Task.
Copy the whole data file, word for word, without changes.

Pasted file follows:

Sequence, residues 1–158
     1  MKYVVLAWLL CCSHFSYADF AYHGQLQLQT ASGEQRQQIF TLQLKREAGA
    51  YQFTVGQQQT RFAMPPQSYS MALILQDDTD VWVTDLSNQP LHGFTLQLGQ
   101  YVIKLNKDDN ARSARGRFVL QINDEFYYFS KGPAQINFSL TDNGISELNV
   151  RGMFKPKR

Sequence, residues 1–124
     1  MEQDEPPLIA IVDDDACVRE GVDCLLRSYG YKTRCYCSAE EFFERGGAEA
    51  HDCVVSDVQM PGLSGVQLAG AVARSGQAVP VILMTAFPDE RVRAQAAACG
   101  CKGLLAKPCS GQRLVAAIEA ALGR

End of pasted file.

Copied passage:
Sequence, residues 1–158
     1  MKYVVLAWLL CCSHFSYADF AYHGQLQLQT ASGEQRQQIF TLQLKREAGA
    51  YQFTVGQQQT RFAMPPQSYS MALILQDDTD VWVTDLSNQP LHGFTLQLGQ
   101  YVIKLNKDDN ARSARGRFVL QINDEFYYFS KGPAQINFSL TDNGISELNV
   151  RGMFKPKR

Sequence, residues 1–124
     1  MEQDEPPLIA IVDDDACVRE GVDCLLRSYG YKTRCYCSAE EFFERGGAEA
    51  HDCVVSDVQM PGLSGVQLAG AVARSGQAVP VILMTAFPDE RVRAQAAACG
   101  CKGLLAKPCS GQRLVAAIEA ALGR